The timing of such adjustments and updates will typically hinge on a strong testing regime. Testing frequency and methodology should be set, documented and adhered to, remembering that wherever possible, it is best to keep things simple. Complexity can increase the risk of error.

Another common mistake we see is insufficient model validation (both static and dynamic), such as not capturing the appropriate cash flows or timing of the cash flows for the situation at hand. If something might not validate well, the actuary would be advised to investigate and try to determine the cause before proceeding with simplifications or gross-ups. A useful rule of thumb is always address the real problem if determinable and possible, and then assess the best way to simplify or approximate if that is the route one has to go.

A matter of degrees

If we view the above points as the road map for simplifications and approximations (understand the objective, start with seriatim, understand the potential impact of approximations, validate, update, document), the actual impact — negative or positive — will be a matter of the degree of inaccuracy a company can accept or is comfortable with. This, we would argue, should vary with the purpose of the modeling exercise, the target audience and who might see or use the modeling results.

External reporting, such as statutory or GAAP/IFRS reporting, will naturally require a higher degree of accuracy. Commonly, external reporting too will already have standards dictated by audit practices (e.g., percentage of earnings or percentage of capital). Conversely, certain internal exercises might have less need for accuracy. The potential for litigation risk is another factor also to bear in mind in determining the accuracy required.

External reporting, such as statutory or GAAP/IFRS reporting, will naturally require a higher degree of accuracy.

In the case of statutory reporting, since it allows for conservatism, companies might use some conservative simplifications. An exception might be where capital is scarce. Another example is that tax reserves are often stated as a percentage of statutory reserves (with a cash value floor), but use of the simple formula might not be possible if the assumptions for statutory reserves are conservative.

Practical guidance

We think plus or minus 2% tolerance to actual values is a reasonable guideline for static validation exercises; however, another consideration is that, in practice, percentage-based accuracy simplifications alone may not always work well. For large models, the implied dollar amount of inaccuracy may be too large. For small models, the degree of precision may be too great. Instead, companies are likely to need a combination of measures of some kind — for example, a $5 million minimum and a maximum of plus or minus 2% of liability or $25 million. The dollar amount limitations can be tailored to the particular exercise and intended audience as well as the degree of precision that is ultimately desired for the purpose.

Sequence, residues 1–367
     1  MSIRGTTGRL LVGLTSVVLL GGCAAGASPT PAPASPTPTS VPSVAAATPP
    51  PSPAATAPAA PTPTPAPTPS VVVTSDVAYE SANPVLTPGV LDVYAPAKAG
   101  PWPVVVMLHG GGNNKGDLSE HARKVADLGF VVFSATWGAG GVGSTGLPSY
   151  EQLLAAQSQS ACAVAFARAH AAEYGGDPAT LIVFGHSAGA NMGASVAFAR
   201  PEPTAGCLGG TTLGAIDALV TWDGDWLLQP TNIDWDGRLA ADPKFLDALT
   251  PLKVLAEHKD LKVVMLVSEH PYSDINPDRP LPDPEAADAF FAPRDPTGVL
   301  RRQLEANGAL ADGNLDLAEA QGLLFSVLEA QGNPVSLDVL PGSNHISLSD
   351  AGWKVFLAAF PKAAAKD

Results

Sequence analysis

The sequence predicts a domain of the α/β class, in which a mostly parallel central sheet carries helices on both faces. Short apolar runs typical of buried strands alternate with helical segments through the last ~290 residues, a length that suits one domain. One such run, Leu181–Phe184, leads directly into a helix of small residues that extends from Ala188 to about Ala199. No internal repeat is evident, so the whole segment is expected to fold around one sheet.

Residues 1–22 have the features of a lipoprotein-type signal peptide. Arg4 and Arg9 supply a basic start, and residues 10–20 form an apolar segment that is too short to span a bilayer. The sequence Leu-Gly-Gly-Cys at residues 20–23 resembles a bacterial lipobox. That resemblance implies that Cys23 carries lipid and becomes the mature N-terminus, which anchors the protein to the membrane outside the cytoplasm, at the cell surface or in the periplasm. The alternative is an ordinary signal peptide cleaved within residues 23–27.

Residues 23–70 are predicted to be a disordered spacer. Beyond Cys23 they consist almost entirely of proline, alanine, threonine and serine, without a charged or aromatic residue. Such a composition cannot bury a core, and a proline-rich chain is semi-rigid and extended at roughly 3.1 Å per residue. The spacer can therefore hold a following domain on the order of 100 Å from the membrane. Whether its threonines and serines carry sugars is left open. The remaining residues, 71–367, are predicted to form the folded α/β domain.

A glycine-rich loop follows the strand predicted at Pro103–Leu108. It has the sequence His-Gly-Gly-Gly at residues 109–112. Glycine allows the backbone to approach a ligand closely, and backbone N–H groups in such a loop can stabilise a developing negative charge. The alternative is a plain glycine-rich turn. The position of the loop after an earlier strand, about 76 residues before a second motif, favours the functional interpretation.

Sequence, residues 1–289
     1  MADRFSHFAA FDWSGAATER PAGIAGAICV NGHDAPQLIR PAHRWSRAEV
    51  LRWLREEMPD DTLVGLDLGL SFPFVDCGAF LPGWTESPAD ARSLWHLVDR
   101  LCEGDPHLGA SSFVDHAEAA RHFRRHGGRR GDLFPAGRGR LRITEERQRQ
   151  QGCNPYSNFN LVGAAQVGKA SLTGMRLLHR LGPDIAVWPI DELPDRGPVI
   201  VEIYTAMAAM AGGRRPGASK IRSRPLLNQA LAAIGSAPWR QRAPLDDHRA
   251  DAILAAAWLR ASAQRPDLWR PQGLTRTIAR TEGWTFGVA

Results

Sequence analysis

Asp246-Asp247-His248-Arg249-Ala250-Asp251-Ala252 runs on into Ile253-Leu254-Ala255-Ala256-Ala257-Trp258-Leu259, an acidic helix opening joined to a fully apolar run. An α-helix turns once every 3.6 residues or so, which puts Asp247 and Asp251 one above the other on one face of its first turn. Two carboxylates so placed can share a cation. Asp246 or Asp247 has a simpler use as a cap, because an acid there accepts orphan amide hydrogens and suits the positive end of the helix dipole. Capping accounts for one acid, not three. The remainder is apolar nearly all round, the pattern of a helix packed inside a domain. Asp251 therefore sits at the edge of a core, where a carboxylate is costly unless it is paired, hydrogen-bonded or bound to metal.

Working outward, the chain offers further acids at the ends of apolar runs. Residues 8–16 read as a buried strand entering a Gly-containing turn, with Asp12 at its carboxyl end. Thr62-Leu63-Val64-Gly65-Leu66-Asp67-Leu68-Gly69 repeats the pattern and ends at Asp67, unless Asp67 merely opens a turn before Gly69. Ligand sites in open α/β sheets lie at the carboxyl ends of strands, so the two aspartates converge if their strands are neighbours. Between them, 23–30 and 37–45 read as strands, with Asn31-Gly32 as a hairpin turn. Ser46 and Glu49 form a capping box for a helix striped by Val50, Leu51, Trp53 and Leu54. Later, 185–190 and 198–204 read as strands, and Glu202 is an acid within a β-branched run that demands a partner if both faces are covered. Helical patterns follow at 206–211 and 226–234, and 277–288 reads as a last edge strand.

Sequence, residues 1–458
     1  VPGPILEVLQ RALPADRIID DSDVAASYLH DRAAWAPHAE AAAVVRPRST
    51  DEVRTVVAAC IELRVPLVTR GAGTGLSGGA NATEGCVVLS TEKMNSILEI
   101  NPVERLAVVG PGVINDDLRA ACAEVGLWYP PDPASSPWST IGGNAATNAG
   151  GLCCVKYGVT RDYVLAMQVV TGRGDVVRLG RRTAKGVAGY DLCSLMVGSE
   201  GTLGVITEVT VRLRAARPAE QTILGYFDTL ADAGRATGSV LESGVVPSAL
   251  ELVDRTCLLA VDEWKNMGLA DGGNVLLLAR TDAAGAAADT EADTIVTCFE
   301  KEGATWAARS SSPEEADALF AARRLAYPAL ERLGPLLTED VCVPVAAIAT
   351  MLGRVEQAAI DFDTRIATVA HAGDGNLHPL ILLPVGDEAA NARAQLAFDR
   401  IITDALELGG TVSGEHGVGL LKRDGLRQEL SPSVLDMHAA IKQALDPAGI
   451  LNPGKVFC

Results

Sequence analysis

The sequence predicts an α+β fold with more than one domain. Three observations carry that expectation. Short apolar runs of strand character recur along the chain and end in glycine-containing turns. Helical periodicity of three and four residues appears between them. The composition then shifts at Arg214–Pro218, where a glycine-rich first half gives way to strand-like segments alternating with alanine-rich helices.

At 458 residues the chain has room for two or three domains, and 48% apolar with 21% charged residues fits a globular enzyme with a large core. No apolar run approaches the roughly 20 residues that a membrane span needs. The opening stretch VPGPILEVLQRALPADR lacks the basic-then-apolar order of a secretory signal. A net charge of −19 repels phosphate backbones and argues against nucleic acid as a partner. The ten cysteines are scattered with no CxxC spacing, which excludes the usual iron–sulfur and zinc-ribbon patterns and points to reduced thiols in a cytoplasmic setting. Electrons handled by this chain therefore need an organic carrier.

Here, in fact, it’s worth noting that VM-20 does actually contain one of the only specific references for a targeted degree of precision in models: a collar concept that starting assets (i.e., your modeled reserve) must be within plus or minus 2% of reported statutory reserves.

In particular the 2% tolerance is also well suited for future projection accuracy, where you are comparing projected cash flows or reserves to a non-simplified model. When performing dynamic validations for such items as life insurance death claims, a plus or minus 2% tolerance will likely not work over a short time period; hence, in those instances a wider tolerance for short time periods would be appropriate. To the extent projections are deviating from historical cash flows, then the actuary needs to determine what is driving the deviation to deem whether it is appropriate.

Another danger with simplifications and approximations is the possibility of offsetting when considering them in aggregate. It’s important to drill down by key segments of the business, or even at a policy level, to reconcile any potential discrepancies. And ideally, any differences (even those within tolerance) should have an explanation of what is driving the difference. The ultimate goal should be to drive toward the plus or minus 2% tolerance at an appropriate level of granularity, with seriatim accuracy being the ultimate level of accuracy. One should also avoid using true-ups/gross-ups to fall within this tolerance limits and continue to refine accuracy until the tolerance goal is met.

A road map for compromise

For actuaries and risk managers who are used to pursuing granularity and accuracy, model simplifications and approximations can be troubling. But their use is unavoidable and, in most cases, a business imperative.

For actuaries and risk managers who are used to pursuing granularity and accuracy, model simplifications and approximations can be troubling.

While historical limitations on modeling time and granularity have technically gone away with significantly more robust computing power and speed, the cost of achieving the greatest speed and accuracy may not be affordable. Actuarial and risk teams will find the use of simplifications far more straightforward with a clear rationale — supported by robust documentation — of what is an appropriate approach and level for a range of risks and end users of model outputs.

The second article in this series will discuss the impracticality of a perfect modeling world and some common areas where simplification and accuracy issues arise.